Family Ties

Yesterday I had lunch with my cousin, a Marine who has just returned from his third tour in Iraq. He has been in the corps for about four years. He is 21 and is finishing his commission in July. He starts college in the fall where there are as a rule less guns and insurgents. I'm glad he's back and that he's still alive.

Back in December, I started sending letters and packages. His two previous tours, I sent nothing and thought about him infrequently. When I went away to college, I lived for letters from people back home. I was lonely in a place where I knew no one and everything had changed. Can you imagine instead of going to college, going to war? And not just joining the Army, but joining the Marines in war time and being shipped off at 18 to start a war in Iraq. He was there for the beginning. He and two other guys from his unit were on the cover of the New York Times in 2003. I saved a copy, but I never wrote him to tell him I had seen it. Every time I thought about him, I thought about writing to him, but I never did.

Why is it so hard to do good things that we know we should do - that we want to do? Why is it so hard to think about other people? I really like writing letters. I really like my cousin. Why did it take four years to get my act together? What was I doing that was so important?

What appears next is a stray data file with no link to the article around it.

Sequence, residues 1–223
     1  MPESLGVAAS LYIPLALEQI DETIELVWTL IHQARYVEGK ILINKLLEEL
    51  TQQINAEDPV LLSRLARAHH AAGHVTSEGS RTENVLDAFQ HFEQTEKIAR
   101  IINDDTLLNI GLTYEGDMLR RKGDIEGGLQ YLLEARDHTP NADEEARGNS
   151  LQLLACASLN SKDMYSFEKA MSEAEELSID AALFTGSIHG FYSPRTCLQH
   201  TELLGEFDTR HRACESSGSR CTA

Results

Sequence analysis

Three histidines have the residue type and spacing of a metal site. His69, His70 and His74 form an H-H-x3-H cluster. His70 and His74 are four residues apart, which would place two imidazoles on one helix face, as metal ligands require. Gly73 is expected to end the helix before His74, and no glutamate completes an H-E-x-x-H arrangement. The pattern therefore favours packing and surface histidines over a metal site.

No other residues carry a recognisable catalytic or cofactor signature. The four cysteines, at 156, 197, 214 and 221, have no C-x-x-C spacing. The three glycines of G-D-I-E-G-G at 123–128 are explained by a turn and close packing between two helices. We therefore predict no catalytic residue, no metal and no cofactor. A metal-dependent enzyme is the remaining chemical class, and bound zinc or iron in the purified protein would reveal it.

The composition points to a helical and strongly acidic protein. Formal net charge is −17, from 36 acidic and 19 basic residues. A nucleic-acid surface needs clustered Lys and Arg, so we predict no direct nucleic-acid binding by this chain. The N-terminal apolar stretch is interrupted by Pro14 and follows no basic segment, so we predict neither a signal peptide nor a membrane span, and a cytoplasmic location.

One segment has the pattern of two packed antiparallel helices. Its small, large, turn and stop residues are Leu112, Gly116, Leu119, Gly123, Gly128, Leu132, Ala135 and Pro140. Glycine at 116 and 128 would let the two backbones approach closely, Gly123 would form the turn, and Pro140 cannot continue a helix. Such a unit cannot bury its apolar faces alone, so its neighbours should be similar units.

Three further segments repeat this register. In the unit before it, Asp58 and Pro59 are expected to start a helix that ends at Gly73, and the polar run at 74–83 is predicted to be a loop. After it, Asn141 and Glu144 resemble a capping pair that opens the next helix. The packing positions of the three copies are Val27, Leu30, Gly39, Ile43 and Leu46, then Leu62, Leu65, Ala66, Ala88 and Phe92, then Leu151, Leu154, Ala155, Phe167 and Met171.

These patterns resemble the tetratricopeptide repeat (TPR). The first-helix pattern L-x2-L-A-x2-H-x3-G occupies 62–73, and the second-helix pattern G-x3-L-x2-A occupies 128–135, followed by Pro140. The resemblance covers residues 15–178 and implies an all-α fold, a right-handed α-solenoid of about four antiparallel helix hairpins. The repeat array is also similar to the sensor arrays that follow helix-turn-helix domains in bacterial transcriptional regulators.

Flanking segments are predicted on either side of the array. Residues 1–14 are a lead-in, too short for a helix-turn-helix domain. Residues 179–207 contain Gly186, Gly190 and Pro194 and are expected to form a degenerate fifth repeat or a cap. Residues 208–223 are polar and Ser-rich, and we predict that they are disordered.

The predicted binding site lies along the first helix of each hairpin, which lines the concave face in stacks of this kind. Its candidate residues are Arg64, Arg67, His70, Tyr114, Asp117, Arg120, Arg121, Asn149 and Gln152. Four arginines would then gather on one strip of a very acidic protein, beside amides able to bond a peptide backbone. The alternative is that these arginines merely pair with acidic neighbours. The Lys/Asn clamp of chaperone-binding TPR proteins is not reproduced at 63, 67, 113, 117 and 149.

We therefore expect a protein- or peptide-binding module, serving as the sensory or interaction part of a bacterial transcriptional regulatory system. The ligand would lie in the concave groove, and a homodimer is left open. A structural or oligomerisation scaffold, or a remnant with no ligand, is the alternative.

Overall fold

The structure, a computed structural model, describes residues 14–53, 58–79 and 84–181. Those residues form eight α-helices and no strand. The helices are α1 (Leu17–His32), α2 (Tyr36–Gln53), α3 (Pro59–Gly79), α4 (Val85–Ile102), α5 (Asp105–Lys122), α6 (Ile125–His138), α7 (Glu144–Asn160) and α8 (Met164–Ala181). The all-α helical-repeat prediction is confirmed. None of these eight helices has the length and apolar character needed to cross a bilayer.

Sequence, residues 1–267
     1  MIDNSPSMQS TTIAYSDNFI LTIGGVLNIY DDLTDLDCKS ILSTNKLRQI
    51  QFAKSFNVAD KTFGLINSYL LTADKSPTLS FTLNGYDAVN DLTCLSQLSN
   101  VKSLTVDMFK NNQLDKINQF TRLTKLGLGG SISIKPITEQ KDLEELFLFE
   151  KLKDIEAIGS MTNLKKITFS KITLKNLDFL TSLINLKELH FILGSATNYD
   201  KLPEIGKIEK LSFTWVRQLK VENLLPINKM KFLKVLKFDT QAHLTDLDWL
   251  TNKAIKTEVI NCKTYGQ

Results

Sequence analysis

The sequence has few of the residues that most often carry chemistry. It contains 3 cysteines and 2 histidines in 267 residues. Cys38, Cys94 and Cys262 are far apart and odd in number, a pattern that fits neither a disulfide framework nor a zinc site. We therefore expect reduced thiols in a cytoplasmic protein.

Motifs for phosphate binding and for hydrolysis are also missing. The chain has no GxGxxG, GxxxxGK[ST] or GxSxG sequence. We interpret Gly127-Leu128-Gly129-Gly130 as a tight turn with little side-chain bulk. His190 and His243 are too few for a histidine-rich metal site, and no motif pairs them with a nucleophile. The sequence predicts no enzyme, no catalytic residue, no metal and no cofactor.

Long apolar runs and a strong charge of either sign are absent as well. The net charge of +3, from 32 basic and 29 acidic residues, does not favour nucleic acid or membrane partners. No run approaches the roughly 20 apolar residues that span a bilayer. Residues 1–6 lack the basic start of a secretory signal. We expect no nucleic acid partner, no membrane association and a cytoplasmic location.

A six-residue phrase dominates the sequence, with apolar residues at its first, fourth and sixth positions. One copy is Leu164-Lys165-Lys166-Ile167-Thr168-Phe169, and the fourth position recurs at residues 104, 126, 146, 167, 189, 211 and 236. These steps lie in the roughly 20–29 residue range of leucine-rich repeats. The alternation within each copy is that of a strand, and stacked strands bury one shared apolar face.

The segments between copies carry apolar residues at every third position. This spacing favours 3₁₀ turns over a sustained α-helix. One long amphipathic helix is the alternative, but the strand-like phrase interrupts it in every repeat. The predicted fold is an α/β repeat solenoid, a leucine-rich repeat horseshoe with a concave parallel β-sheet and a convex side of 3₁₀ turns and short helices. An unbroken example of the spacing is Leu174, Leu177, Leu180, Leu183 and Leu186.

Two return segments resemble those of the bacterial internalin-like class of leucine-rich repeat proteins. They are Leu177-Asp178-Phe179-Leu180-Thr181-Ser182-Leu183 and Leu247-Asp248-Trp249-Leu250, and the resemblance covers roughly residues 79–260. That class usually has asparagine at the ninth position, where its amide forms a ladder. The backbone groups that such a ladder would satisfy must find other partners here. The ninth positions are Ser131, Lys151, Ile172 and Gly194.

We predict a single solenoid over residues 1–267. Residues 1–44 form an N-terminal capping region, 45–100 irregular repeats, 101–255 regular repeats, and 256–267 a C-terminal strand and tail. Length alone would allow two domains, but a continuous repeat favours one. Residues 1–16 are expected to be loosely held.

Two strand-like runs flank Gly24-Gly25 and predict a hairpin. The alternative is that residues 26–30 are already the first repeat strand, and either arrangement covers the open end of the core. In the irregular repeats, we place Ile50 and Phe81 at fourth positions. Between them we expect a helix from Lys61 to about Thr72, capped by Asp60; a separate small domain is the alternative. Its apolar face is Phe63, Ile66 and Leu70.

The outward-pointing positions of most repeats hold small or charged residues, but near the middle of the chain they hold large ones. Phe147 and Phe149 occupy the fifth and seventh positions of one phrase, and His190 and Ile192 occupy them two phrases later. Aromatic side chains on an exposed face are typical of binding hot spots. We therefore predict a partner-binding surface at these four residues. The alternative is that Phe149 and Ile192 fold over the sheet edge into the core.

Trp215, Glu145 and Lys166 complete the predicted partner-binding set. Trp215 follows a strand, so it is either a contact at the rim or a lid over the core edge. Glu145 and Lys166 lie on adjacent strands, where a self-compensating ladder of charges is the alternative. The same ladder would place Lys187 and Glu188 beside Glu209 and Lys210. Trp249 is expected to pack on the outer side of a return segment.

He's back now. His girlfriend lives in New York. He was here visiting her this week. I met her yesterday at lunch. He will probably be back to visit her regularly. It will be good to see him more once in a while. He'll also be a freshman in the fall. Maybe now that I've started, I will keep writing him and sending him the occasional care package. I really did like getting letters in college. I still like getting letters. Everyone does.


Anonymous another family tie said...

I'm glad he's back and still alive, too.

9:06 PM  
Anonymous guess who said...

Let's all write more letters. We are losing our letter-writing ability. You're right -- everyone enjoys getting a letter.

9:20 PM  

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